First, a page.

Huntington’s disease (HD), also known as Huntington’s chorea, is an inherited neurodegenerative disorder that gradually degrades nerve cells and causes neuronal death. It affects around 3 to 7 people per 100,000, primarily of European descent with the disease less common amongst Asian and African people. The condition is predominantly found in adults and attacks brain areas involved in voluntary movement, resulting in uncontrolled, dance-like movements (chorea), abnormal body postures, challenges with behavior and emotional processing, and a loss of general cognition.  

Unfortunately, as with many neurodegenerative conditions, there is no cure, so current therapies on the market aim to minimize symptoms, especially for those in the later stages of HD. Xenazine, approved in 2008, is Lundbeck’s breakthrough drug to manage the involuntary movement symptoms. More recently in 2020, Teva Pharmaceutical Industries Ltd.  received approval in China to release Austedo, a drug that treats chorea associated with HD.  

Drug development has been hindered by low awareness of HD in many markets, due to patients sometimes not being able to identify characteristic traits of HD within themselves. Furthermore, potential new assets have sadly demonstrated a lack of efficacy and even increased risk of toxicity.  

But despite these barriers, research in this area has not been stagnant, with the main focus on targeting the cellular mechanisms of the disease. For example, a major target has been trying to understand how the huntingtin protein affects the cellular cascade to determine which part of the pathway may be the best option for drug intervention.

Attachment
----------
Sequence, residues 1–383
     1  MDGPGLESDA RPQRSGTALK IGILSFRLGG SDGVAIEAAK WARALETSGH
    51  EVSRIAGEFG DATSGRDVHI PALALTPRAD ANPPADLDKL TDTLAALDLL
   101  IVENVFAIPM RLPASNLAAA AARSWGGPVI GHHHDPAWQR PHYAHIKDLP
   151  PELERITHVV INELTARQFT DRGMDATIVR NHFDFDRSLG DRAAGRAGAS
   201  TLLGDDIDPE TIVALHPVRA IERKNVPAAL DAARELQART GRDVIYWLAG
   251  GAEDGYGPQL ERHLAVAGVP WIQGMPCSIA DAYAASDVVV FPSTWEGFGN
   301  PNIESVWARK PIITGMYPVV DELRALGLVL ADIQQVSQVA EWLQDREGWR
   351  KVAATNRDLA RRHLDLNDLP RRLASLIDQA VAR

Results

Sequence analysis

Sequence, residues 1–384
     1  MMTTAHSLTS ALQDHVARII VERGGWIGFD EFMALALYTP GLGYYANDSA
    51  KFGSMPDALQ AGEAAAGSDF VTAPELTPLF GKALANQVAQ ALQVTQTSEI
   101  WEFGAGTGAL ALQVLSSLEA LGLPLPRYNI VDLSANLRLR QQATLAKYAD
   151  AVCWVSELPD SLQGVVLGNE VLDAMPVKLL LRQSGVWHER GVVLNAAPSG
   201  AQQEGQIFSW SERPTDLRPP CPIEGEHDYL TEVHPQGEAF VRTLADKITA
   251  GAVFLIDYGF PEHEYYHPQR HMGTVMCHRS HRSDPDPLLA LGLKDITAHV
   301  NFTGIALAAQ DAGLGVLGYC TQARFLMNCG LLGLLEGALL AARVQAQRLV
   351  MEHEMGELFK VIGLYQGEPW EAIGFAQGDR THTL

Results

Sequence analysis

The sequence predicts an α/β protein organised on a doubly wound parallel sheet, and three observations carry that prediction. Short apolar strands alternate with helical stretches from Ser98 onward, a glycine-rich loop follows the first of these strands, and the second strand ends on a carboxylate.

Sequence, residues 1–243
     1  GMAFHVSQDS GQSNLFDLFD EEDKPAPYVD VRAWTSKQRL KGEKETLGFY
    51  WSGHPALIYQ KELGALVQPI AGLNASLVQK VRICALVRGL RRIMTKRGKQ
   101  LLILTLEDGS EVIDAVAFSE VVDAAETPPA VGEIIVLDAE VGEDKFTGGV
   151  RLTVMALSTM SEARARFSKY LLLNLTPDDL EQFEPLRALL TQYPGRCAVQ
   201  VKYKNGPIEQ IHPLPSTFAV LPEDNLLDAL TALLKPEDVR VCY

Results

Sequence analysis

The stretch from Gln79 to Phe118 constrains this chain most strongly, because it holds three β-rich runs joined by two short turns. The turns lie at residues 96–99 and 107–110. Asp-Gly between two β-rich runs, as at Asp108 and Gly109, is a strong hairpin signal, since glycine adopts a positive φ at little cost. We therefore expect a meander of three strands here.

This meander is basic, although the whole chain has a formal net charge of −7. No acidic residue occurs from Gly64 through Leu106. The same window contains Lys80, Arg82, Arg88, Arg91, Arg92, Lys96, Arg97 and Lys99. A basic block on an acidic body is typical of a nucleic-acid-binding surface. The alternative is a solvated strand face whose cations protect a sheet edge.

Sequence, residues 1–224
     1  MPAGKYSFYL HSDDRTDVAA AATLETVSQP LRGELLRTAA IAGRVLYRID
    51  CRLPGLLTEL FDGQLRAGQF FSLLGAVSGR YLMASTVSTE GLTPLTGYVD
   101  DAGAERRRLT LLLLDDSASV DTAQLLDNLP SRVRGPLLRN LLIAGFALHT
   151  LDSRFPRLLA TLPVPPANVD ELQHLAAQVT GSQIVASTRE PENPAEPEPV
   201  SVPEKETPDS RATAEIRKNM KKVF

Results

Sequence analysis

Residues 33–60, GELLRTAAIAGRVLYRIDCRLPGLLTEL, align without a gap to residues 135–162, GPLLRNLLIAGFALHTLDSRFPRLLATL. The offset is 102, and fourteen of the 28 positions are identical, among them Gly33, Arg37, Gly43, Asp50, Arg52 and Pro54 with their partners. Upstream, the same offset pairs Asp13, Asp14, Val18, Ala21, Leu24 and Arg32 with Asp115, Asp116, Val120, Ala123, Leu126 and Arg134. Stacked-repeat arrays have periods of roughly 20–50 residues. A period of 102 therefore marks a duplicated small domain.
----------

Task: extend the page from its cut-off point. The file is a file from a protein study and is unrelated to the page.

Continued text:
Other ongoing studies include: 

  • Identifying biomarkers (biological changes) that are useful and accurate predictors of HD.  
  • Finding genetic factors that influence disease progression to understand how they may play into drug development.
  • Testing of drugs that may control for certain HD symptoms and using gene-editing on animal models.
  • Promising changes in brain structure of people with the mutant HD gene, as research shows that brain morphology precedes symptoms. 

It is clear that HD is a major focus area for researchers, as they test different ways to diagnose and treat the disease while working towards the long-term goal of finding a cure. Exciting strides are being made, but neurodegenerative diseases are still an enigma to the scientific community.  

When it comes to conducting market research in the HD therapy area, there are a few key things to keep in mind: 

  • If you are looking for a patient element, we typically suggest also including carers in the research – patients may have difficulty with speech or sitting still for the entire duration of an interview, so it may be difficult for them to participate. Ensuring we obtain feedback from carers will also help us get a comprehensive overview of the patient journey and better understand the disease progression and symptomology. 
  • We usually advise that younger patients with HD may be better suited for interviews – since adult-onset HD is most common, symptoms become exacerbated with age. To find participants who are most suitable to share their experiences in an interview, it may be best to target younger adults.  
  • It is important to consider a representative sample in terms of gender. HD affects men and women equally – this will be important when considering the patient population, as experiences from both sexes will provide a full picture.